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Warren Buffett in Favor of Renewable Energy Sources

Peter Barnes

Defending the American Dream: Warren Buffett's Shareholder Letter

(Continued from Prior Part)

Stress on renewable energy

Berkshire Hathaway (BRK.A) (BRK.B) owns ten energy companies, including three large electric utilities (IDU) serving territories across 11 Midwestern and Western US (IJH) states. BHE (Berkshire Hathaway Energy) owns and operates 4,423 megawatts of wind generation capacity, comprising ~7% of the country’s total wind generation capacity.

BHE’s wind generation capacity is six times the generation capacity of the runner-up utility. The solar generation capacity of the company comprised 6% of the country’s total solar capacity. BHE has invested around $16 billion in the renewable energy space in recent years.

Commitments to the future development of renewables

Moreover, BHE made major commitments in 2015 to the future development of renewables in support of the Paris Climate Change Conference. The company believes that “fulfilling those promises will make great sense, both for the environment and for Berkshire’s economics.”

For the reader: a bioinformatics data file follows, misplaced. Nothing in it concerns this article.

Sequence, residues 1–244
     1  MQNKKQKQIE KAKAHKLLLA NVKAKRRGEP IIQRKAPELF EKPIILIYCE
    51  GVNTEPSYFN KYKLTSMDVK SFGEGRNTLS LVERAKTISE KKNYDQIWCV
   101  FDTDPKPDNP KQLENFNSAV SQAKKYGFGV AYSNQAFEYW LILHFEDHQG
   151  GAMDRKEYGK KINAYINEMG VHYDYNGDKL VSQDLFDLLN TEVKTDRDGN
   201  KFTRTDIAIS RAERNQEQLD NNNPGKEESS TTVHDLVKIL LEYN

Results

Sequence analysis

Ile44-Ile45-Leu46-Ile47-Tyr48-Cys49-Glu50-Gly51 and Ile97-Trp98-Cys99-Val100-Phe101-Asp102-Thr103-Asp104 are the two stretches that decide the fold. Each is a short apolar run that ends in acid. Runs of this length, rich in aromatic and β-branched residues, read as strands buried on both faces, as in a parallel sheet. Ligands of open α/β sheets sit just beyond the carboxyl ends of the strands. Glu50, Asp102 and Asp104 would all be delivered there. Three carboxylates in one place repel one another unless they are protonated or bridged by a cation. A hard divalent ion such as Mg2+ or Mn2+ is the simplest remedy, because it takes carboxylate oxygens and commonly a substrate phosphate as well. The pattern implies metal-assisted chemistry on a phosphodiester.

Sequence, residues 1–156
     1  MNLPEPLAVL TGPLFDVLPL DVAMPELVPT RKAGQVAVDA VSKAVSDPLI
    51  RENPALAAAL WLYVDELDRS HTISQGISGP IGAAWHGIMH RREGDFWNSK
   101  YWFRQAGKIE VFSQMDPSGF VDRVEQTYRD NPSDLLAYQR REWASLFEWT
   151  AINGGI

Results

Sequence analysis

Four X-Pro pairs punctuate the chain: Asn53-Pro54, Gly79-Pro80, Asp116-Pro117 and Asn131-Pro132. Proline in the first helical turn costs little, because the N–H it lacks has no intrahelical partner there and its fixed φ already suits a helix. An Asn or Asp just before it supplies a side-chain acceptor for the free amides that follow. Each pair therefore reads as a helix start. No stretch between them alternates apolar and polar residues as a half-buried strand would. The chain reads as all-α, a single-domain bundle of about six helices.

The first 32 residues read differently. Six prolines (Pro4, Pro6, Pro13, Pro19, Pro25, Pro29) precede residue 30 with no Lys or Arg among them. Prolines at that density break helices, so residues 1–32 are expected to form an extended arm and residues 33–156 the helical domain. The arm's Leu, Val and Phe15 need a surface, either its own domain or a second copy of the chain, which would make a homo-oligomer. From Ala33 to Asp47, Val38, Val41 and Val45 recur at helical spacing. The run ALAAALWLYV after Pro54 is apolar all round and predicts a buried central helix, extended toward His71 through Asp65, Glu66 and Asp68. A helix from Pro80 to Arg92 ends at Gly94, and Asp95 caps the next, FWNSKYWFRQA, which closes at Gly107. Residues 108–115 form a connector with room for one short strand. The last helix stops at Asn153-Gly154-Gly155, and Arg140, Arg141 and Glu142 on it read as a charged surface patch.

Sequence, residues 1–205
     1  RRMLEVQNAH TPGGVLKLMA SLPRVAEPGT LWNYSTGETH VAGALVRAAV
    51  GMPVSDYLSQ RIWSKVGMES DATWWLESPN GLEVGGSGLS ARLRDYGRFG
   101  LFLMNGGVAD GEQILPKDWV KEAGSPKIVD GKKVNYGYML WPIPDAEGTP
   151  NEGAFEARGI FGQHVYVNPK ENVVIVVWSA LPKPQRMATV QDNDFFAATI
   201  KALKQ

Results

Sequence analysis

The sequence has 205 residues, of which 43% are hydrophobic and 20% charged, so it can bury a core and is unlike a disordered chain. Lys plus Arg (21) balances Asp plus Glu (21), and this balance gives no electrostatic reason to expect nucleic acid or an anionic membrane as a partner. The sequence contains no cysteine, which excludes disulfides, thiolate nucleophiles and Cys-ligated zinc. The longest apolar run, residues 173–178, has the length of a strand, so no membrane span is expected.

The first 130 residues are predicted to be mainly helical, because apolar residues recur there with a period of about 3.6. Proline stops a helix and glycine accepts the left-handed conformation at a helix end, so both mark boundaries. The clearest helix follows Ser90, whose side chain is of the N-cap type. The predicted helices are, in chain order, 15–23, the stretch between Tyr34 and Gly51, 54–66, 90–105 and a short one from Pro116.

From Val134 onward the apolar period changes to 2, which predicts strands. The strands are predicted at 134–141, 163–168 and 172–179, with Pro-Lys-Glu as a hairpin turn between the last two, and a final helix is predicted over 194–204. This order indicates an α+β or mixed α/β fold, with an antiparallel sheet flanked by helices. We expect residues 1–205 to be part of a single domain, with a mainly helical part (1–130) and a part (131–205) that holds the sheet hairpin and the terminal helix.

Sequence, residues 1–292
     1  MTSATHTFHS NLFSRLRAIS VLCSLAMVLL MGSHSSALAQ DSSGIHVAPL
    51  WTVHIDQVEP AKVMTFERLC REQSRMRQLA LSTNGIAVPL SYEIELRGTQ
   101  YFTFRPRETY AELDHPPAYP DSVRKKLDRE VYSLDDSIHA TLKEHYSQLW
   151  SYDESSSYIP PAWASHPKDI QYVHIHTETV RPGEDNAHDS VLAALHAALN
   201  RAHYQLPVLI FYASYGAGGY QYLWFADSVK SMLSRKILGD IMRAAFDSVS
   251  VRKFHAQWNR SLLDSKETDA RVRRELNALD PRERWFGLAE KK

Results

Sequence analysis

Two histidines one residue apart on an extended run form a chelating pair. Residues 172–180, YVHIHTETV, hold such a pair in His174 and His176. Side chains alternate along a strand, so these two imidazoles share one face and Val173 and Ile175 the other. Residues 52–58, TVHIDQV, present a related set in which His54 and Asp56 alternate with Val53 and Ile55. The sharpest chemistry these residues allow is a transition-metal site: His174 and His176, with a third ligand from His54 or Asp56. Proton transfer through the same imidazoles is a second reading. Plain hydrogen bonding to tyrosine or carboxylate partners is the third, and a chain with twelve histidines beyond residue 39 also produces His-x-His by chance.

Against solar subsidies

Warren Buffett is also opposed to solar subsidies. NV Energy, Berkshire’s Nevada utility, proposed that the state should move away from net metering, which benefits more affluent homeowners at the expense of others.

In his annual letter to shareholders, Buffett warned, “Today, society has decided that federally-subsidized wind and solar generation is in our country’s long-term interest. Federal tax credits are used to implement this policy, support that makes renewables price-competitive in certain geographies. Those tax credits, or other government-mandated help for renewables, may eventually erode the economics of the incumbent utility, particularly if it is a high-cost operator.”

Clash of traditional versus renewable energies

Warren Buffett points to a likely conflict between traditional electric power (JXI) suppliers and renewable energy sources like solar and wind. He noted that this is due to his view that the operational model of most of the local utilities is rather “sloppy” and that they are not terribly efficient in running the business, unlike many wind and solar companies that are run professionally and efficiently.

Buffett assured the shareholders that Berkshire Hathaway’s utilities will remain competitive because of their operational efficiencies.

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